Mexico City – Mexican scientist Dimas Jimenez is promoting the use of dehydrated foods like those eaten by astronauts as a way to deal with food shortages caused by global warming.
"It is expected that food shortages will start to occur by 2025, making it hard to get access to them," Jimenez told Efe.
Opening "processing plants for the natural foods of the future" should be a priority in dealing with this situation, Jimenez said.
The scientist, who studied biochemical engineering at the National Polytechnical Institute, owns a small company that processes nearly two tons a month of what he calls the "food of the future," a powder made from oats, avocados, mangos and prickly pear.
The powder, which is mixed with water and has a high nutritional content, also helps children and adults lose weight, Jimenez said.
"Pretty much all of us are going to have to eat dehydrated powders or tablets" in the future because climate change will lead to a rise in prices of "between 180 percent and 300 percent due to effects on supply and demand," the scientist said, adding that the quality of food would also drop.
"Access to fresh produce" will be reduced in the future, Jimenez said.
The scientist, who holds eight patents and has five more pending for the production of avocado powder and the processing of various types of fruits, has been promoting his products in Mexico and other countries.
Grupo Peñoles, the world's largest producer of refined silver and metallic bismuth, has placed a large order for Jimenez's product, which will be provided for miners to eat inside underground shelters in case of an emergency.
Miners will find the powdered food, oxygen and water in underground shelters in three months, when reprovisioning is completed.
Consumption of 100 grams (3.5 ounces) of the powder provides a person with a serving of 58 percent carbohydrates, 20 percent protein, 20 percent monounsaturated vegetable oil (Omega 3 and 5) and 2 percent bulk fiber, with a total of 270 kilocalories, Jimenez said.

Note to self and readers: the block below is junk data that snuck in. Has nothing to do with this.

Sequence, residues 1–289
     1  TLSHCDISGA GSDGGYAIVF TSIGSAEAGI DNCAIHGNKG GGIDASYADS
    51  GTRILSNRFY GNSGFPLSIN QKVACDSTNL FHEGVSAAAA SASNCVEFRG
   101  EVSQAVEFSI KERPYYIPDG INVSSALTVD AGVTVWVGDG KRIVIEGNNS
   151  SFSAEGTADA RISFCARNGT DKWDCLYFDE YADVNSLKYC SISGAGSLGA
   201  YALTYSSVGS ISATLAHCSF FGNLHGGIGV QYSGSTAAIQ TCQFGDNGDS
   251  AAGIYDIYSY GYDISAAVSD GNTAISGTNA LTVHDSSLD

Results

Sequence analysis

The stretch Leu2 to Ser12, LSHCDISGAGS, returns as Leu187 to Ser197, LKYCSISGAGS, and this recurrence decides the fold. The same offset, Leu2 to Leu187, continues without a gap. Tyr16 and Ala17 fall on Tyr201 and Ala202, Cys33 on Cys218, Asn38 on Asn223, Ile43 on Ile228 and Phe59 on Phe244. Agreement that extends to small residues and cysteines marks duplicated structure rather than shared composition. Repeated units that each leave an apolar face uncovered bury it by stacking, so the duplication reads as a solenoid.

"It's important to provide natural products with a high protein value, without preservatives, that can last for up to three to five years in storage," the scientist said.
The powdered food also benefits people who want to lose weight gradually, naturally and safely, helping children and adults who are overweight, Jimenez said.
"All you need to prepare it are 200 milliliters (seven ounces) of water and some good shaking. It's recommended that you ingest a packet 10 or 15 minutes before the main meal so it can expand in the stomach and give the sensation of being full," the scientist said.
"Oats help prevent the absorption of fats, helping to gradually reduce the size of the stomach," Jimenez said.
The powder, which is guaranteed, can be distributed to schools and hospitals across Mexico to help deal with the problem of obesity, the scientist said.
Mexico ranks second in the world in terms of percentage of the adult population that is overweight and obese, trailing only the United States, and it ranks first in weight problems among children, with the trend moving higher.
Jimenez exports a number of other products to Europe and the United States, such as dehydrated guacamole, mango tablets used by NASA astronauts in space and low-calorie chocolates to help people deal with hunger pangs.
These products can be stored anywhere and have a shelf life of three years, making them ideal for people living in areas prone to natural disasters or desert regions since, "in addition to withstanding high temperatures, they are hermetically sealed," Jimenez said.